Last weekend was that annual celebration of silliness and civility here known as the Gridiron Dinner. It is an occasion when the newspaper people who comprise the membership of the club set out to mock the politicians we cover--and end up making fools of ourselves.

It occurred to me, sitting backstage between acts, dressed as a pregnant peasant woman, that there must be a Larger Meaning to this. Upon semi-sober reflection, I have discovered that there is.

It was captured in a line from a song that someone impersonating Rep. Morris K. Udall (D-Ariz.) sang: "There is no platform like a strong sense of humor." What Gridiron reminds us is that the only way to survive the pressures, strains and antagonisms of politics, and make this crazy and glorious system of ours work, is to keep it all in perspective.

The reporters' role in the Gridiron is a subsidiary one. We play hosts and put on the musical skits but, as President Reagan accurately observed, the level of our creative effort would do credit to the fifth grade of the Herndon, Va., school.

The special ambience of the event is created by throwing together politicians who are, in working hours, often at swords' points. The test is to see if they can, by their wit, strip the situation of its tension and turn the evening into one of fellowship.

There have been times when it failed, either because the tensions of the outside world were overwhelming, or because the politicians in question lacked the sense of irony to see the absurdity of their situation.

Last Saturday, it worked splendidly. In the presence of the Russian ambassador, the president of the United States sang a song mocking his own use of biblical imagery to buttress his anti-Soviet rhetoric. "I often quote the Lord," he sang, "cause how'd I scare the Commies, just quoting Jerry Ford?" Another Reagan verse suggested that when Philip Habib has brought peace to the Middle East, he might tackle a really quarrelsome area--the senior White House staff.

Sen. John Glenn of Ohio, the Democratic speaker of the evening, laughed his reputation as a tedious orator away--maybe for good--by turning the president and vice president--to say nothing of a distinguished columnist for the New York Times --into helpless straightmen for a monologue that can fairly be called a triumph.

Gridiron reminds us that, in the eyes of history, even the most inflated of personages in this city are bit players. As Sen. Bob Dole, the GOP's speaker, put it, quoting Oliver Wendell Holmes: statesmen and pundits "lead the parade in the same sense that small boys who jump in front of the circus parade lead it through town. When we turn off to head home, the parade goes on."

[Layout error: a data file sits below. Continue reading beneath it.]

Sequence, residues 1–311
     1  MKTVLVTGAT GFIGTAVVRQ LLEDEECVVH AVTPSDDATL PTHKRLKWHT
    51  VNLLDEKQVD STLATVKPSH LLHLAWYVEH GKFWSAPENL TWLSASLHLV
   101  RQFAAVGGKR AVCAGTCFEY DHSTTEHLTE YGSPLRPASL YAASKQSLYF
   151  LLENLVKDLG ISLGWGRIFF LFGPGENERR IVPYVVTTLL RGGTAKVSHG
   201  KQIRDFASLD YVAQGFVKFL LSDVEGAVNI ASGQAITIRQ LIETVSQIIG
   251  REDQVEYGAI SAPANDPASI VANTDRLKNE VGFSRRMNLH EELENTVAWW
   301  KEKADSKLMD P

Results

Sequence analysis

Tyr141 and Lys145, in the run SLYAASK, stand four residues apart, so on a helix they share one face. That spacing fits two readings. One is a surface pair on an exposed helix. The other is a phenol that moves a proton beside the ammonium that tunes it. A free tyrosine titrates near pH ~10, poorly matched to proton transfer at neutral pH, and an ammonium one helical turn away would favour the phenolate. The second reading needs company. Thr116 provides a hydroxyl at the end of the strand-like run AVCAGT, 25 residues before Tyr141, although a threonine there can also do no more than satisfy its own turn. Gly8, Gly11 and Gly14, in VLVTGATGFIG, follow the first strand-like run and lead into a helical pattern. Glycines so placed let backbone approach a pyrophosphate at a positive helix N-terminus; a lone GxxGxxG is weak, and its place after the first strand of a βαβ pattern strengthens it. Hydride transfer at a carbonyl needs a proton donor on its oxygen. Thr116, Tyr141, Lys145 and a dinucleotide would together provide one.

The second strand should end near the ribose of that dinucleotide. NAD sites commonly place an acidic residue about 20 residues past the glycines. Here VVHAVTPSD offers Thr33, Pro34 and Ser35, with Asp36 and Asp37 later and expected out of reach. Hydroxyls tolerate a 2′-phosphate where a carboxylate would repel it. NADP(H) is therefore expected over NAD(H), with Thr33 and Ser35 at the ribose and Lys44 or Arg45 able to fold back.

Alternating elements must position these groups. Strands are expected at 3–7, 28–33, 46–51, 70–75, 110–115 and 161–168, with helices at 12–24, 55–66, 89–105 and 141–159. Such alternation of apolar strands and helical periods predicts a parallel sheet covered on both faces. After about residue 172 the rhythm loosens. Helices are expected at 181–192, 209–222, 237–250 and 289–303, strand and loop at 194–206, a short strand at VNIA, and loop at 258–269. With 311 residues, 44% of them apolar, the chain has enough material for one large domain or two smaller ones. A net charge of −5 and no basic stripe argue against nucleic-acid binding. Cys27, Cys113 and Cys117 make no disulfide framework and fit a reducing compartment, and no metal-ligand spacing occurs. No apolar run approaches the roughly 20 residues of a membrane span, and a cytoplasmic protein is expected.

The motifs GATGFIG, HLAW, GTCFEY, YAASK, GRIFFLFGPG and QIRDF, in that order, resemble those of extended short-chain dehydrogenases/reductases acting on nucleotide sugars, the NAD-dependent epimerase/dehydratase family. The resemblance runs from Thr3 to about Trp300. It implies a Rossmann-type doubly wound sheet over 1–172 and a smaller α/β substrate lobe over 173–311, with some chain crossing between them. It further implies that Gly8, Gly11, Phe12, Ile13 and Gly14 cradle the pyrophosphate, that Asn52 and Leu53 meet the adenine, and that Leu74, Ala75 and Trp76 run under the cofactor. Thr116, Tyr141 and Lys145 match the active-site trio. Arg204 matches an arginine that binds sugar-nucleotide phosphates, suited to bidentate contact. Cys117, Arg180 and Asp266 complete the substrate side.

Personal relationships of the kind that are fostered on such light-hearted evenings really are essential to making government function. In a conversation after the dinner, I heard a story that shows how important such friendships can be in large-scale government achievements, like last week's passage of the measure to ensure the financial future of the Social Security system.

Last Christmas, the prospect of a bipartisan agreement on Social Security seemed remote. The commission that was assigned to draft such a proposal was on the verge of breaking up.

One thing that kept it going was the friendship of Dole and Sen. Daniel P. Moynihan, both commission members, and the link to the White House Moynihan enjoyed through his one-time Harvard prot,eg,e and live-in baby-sitter, David A. Stockman, the director of the OMB.

Perhaps an even more significant and less public back-channel of communication linked Richard G. Darman, a special assistant to the president, and Robert M. Ball, the former Social Security commissioner who was the key strategist for the Democrats on the commission.

Ball and Darman formed their friendship in a bizarre moment of the Nixon administration, when some overeager politicians on his White House staff tried to grab credit for a Social Security benefit increase by sending out a red-white-and-blue insert, with Nixon's picture, with every Social Security check the month the increase went into effect.

Ball threatened to resign as Social Security commissioner if they did that. Darman, then a young assistant to Health, Education and Welfare secretary Elliot Richardson, was the one who countermanded the White House order and saw to it that a less gaudy notice went out with the checks.

Through the years, though Ball became an adviser to the Democrats and Darman moved onto the Reagan White House staff, each remembered that in a crunch he could reach out to the other.

Their friendship helped rescue the Social Security system. Like the Gridiron Dinner, it demonstrates that there are occasions when politicians and reporters--even disguised as pregnant peasant women--do manage to rise above themselves.